In statements made initially to the police officers and later to the trial court, Caylor gave the following account of the murder and the events leading up to it. In the summer of 2008, Caylor was on felony probation in the State of Georgia based on an incident that had occurred several years before in which he was accused of molesting the fourteen-year-old daughter of a neighbor. Caylor asserted that he was falsely accused, but said that on his attorney's advice he pled guilty to avoid a possible prison sentence. He was later required to register as a sex offender after violating the terms of his probation by being convicted of possession of cocaine. Caylor stated that after several years he became frustrated with the restrictions placed on him as a sex offender, and said that he told his probation officer that he would rather serve time in jail and be done with the sentence. Caylor said that he then went to Panama City to relax because he thought he would have to spend approximately a year and a half in jail. Caylor admitted that he had not been given permission by his probation officer to leave Georgia, even though he knew he was required to receive such permission by Georgia law.
Caylor decided to rent a room at the Valu-Lodge Motel because it was close to the beach. While in Panama City, Caylor began selling cocaine and methamphetamine. He said that he also became friends with "two Russian girls, " and that he became romantically involved with one of the girls, Marina. He said that he discovered on July 8 that the women had stolen some of his drugs. Caylor said that he borrowed a knife and duct tape with the intent of using it to threaten them to get his drugs back. He subsequently went to the women's apartment, taking the knife and duct tape with him. Caylor said that he became violent during that encounter and decided to go back to his room at the motel. He was later arrested for the incident at the apartment.
During his interrogation, Caylor told Smith and Wesley that he returned to his motel room immediately after the incident at the women's apartment. He said that he had been back in his room for only a few minutes when Melinda Hinson knocked on his door and asked him for a cigarette. He told the officers that at the time Melinda came to his room, he felt that he had "been through all of this because of something I didn't do, " and told the officers that he decided he was "going to make it worth it." When asked during the Spencer hearing what he meant by these statements, Caylor responded that he meant he was angry about his prior conviction for child molestation. He told the trial court he felt that "[i]f I'm going to be in trouble for having sex with this girl being in my room, I might as well have sex with this girl."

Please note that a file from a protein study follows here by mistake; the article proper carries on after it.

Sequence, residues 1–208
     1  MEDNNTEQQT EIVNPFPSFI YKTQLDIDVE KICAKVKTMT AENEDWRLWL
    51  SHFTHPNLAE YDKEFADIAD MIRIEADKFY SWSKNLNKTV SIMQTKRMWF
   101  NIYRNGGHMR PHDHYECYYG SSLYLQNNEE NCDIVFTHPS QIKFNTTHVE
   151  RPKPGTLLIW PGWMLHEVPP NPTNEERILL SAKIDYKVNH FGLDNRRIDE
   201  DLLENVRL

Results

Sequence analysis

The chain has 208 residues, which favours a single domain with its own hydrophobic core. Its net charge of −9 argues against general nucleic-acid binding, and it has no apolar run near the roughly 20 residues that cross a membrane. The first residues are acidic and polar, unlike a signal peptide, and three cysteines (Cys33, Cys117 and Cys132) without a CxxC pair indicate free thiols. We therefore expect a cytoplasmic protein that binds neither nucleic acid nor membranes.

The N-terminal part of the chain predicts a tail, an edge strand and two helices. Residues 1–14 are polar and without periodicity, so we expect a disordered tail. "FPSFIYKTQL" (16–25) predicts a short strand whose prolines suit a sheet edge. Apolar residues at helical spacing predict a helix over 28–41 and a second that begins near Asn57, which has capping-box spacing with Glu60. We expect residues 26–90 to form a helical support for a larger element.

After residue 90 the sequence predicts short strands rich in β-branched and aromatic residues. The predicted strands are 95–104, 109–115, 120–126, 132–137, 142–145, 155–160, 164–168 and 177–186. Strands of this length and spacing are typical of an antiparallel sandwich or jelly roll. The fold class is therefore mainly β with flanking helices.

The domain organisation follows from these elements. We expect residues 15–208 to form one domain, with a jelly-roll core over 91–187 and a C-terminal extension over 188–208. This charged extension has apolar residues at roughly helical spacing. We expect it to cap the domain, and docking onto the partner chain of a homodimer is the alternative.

After Melinda entered the room, Caylor said that she sat down on the bed and that they began smoking. He asked her what she had been doing. Melinda replied that she had just finished walking a dog that belonged to the men in the next room. Caylor asked how old she was and she told him that she was thirteen. He said that he asked her why she hung out with the guys next door. Melinda responded that "they think they're hot stuff" but said that she "[did]n't really like them." According to Caylor, Melinda then told him that she thought he was "hot, " moved close to him on the bed and put her arm around him. Caylor said that they started kissing, that he took her clothes off, and that they started having sex.
Caylor said that at some point he "just started choking her." He claimed that they had stopped having sex just before he began to strangle her. He said that he "wasn't into it" and that the intercourse lasted for only thirty to forty-five seconds. However, he said that they were still naked when he began to strangle her and that he was still on top of her. Caylor said that when he began to choke Melinda, "she was flipping out and I just wanted her to go away." He said that she began fighting him and saying, "[L]et me ask you a question, let me ask you a question, " and that during the struggle they fell from the bed to the floor. Caylor told the officers that he then unplugged the phone cord from the wall and wrapped it around her neck. The officers asked whether Melinda was moving when he began to strangle her with the cord, and Caylor responded: "Well, yeah, it was like no, no, " When he thought Melinda was dead, he released her and plugged the phone cord back into the wall. He then lifted up the mattress and placed Melinda and her clothes under the bed. He said that he gathered his things and left the room.
Detective Smith asked Caylor why he decided to kill Melinda:
[Detective Smith:] Well, is your thoughts that now I've had sex with her she's going to tell? Is that what led to that she has to die?
[Caylor:] No, it wasn't like that, no, it wasn't like that, it was just like, it was like, more or less like you're the fucking reason why
I'm in this situation I'm in now because I did the right thing. I think it was more of a hate, like a hate, like I was really angry, I think is what it was.
[Detective Smith:] A hate for her or a hate the fact [sic] that she's 13 years old.